Devotional Text: Genesis 3:1-7, 15
Where does the Christmas story begin?
You might say it begins in the gospel of Matthew, chapters 1 and 2. Matthew tells the Christmas story from Joseph’s perspective and features the evil King Herod and the magi from the East who come following a miraculous star. Or you might say that it begins in the gospel of Luke chapters 1 and 2, which tells the Christmas story from Mary’s perspective—which features Elizabeth and Zechariah, the parents of John the Baptist, along with shepherds abiding in the fields. This is the Christmas story that Linus famously reads in A Charlie Brown Christmas.
You might even say that the Christmas story begins in John’s gospel, which tells us that in the beginning the Word—that is, God’s Son, the second person of the Trinity—was with God and the Word was God, and that the Word became flesh and dwelt among us. Although the Word is eternal and had no beginning, John tells us, the “Word becoming flesh” happened when, by the power of the Holy Spirit, Jesus Christ was conceived in Mary’s womb and was born at Christmas.
I would argue, however, that the Christmas story begins much earlier.
It begins when Satan, in the guise of a serpent, tempts Adam and Eve to doubt the goodness and trustworthiness of God and his word, as described in Genesis 3:1-7. And unless God takes the initiative to save us, we deserve death, God’s judgment, and hell—that is, eternal separation from God.
But there is good news—even in this tragic recounting of humanity’s first sin. Look at verse 15. Using poetic language, God says to the serpent,
I will put enmity between you [by which he means Satan] and the woman, and between your offspring and her offspring; he [referring to this offspring of Eve] shall bruise [or crush] your head, and you [meaning Satan] shall bruise his heel [meaning the heel of the woman’s offspring].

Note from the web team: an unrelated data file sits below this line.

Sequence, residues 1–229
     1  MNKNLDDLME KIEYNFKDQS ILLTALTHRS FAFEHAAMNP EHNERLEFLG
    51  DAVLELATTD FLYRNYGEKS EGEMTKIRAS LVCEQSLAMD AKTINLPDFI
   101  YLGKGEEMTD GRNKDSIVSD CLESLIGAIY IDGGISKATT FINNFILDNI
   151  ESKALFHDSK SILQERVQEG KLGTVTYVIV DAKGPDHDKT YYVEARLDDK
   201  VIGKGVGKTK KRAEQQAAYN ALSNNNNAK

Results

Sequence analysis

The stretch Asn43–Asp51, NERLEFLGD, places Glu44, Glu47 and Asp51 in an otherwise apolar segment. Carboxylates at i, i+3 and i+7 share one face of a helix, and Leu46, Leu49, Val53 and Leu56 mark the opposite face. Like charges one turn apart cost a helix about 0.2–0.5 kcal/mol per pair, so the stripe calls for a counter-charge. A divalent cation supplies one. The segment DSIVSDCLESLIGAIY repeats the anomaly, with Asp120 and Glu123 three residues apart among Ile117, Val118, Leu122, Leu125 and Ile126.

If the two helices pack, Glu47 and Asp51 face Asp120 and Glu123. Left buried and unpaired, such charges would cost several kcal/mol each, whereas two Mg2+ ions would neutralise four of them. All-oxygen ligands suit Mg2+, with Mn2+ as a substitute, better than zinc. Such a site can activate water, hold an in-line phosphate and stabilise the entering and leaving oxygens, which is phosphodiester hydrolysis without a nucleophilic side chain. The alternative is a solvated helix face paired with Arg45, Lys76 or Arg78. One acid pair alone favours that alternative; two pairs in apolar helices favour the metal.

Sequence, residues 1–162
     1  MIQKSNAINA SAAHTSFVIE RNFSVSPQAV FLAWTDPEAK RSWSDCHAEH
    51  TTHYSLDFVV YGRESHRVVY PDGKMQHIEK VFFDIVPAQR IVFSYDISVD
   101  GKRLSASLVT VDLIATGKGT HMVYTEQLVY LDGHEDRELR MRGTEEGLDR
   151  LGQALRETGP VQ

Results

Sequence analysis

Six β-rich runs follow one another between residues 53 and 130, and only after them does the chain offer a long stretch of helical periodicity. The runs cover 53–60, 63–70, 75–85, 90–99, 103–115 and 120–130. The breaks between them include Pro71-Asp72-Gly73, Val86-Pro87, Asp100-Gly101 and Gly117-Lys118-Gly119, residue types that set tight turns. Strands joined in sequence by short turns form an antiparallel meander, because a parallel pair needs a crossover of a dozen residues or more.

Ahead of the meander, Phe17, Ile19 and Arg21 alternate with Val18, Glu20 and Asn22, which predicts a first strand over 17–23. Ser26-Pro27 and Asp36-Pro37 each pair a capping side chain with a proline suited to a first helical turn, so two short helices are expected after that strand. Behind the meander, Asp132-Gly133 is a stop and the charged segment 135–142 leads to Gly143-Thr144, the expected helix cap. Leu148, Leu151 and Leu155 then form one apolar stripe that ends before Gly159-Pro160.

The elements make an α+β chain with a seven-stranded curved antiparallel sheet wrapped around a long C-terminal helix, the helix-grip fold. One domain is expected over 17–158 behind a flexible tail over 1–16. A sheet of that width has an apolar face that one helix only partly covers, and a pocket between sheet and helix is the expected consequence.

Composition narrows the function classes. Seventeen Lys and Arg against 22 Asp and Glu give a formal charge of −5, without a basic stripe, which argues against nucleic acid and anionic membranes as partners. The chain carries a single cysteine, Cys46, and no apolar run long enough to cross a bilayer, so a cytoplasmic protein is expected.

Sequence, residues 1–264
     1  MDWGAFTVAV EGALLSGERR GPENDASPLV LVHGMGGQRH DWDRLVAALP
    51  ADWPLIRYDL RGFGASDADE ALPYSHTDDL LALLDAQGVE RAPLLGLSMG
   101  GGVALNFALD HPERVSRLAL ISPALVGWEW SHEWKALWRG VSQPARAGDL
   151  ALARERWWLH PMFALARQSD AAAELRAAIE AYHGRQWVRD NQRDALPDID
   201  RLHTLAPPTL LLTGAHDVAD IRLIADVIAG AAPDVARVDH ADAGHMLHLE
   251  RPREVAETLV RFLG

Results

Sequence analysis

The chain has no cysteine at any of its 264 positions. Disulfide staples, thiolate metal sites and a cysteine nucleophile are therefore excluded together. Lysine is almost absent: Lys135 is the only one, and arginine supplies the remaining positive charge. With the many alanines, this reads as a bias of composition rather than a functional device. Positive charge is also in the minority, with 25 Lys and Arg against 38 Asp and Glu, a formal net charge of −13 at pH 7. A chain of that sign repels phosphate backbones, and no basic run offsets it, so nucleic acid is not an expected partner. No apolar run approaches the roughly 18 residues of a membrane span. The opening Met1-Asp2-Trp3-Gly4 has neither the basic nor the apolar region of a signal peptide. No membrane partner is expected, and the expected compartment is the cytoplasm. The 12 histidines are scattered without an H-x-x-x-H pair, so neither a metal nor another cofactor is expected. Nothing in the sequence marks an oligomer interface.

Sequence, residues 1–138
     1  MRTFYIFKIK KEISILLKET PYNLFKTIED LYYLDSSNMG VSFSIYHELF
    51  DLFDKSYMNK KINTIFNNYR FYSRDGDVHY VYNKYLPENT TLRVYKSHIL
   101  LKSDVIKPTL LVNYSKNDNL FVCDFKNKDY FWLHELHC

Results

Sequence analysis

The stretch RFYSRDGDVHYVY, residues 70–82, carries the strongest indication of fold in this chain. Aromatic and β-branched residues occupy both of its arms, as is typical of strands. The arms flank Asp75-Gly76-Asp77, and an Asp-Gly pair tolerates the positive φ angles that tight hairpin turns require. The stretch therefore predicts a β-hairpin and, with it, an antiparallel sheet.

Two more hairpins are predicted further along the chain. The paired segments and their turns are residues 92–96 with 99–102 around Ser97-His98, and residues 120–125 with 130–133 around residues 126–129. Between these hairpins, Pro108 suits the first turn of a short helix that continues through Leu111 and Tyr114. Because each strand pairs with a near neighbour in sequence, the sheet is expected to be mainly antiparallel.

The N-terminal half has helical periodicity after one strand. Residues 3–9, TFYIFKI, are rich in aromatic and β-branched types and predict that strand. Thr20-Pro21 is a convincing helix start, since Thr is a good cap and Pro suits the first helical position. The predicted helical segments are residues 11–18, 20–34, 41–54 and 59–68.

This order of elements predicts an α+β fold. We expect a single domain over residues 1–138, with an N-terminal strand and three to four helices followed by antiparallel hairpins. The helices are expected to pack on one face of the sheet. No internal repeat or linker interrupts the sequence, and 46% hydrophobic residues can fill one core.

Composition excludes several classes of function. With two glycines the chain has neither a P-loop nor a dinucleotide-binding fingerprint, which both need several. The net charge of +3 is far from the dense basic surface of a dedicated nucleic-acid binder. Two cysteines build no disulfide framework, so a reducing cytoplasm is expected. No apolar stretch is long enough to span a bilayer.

Please notice: We expect scripture to say something like, “the offspring of the woman shall bruise the heads of the offspring of the serpent.” Or “the children of the woman shall bruise the heads of the children of the serpent”—since this will take place at some point in the future. Instead, it says, “This future son”—which is singular, not plural—“will crush the head, not of some descendant of the serpent, but of the serpent himself—the same one who led humanity into sin.”
This is the earliest announcement of the gospel of Jesus Christ. (In theological terms, it’s known as the protoevangelium.)
This verse looks ahead to Christmas, when Christ came into the world in order to win a decisive victory over Satan—and the forces of sin, evil, and death that he helped to unleash. While this victory will come at a cost to the Son (the serpent will “bruise his heel”), because of the resurrection, the Son will not be destroyed.
Ultimately, this is the good news that we celebrate at Christmastime.
In what areas of your life does Satan continue to exert a harmful influence? Pray right now that the Lord will give you healing and strength to resist him (James 4:7).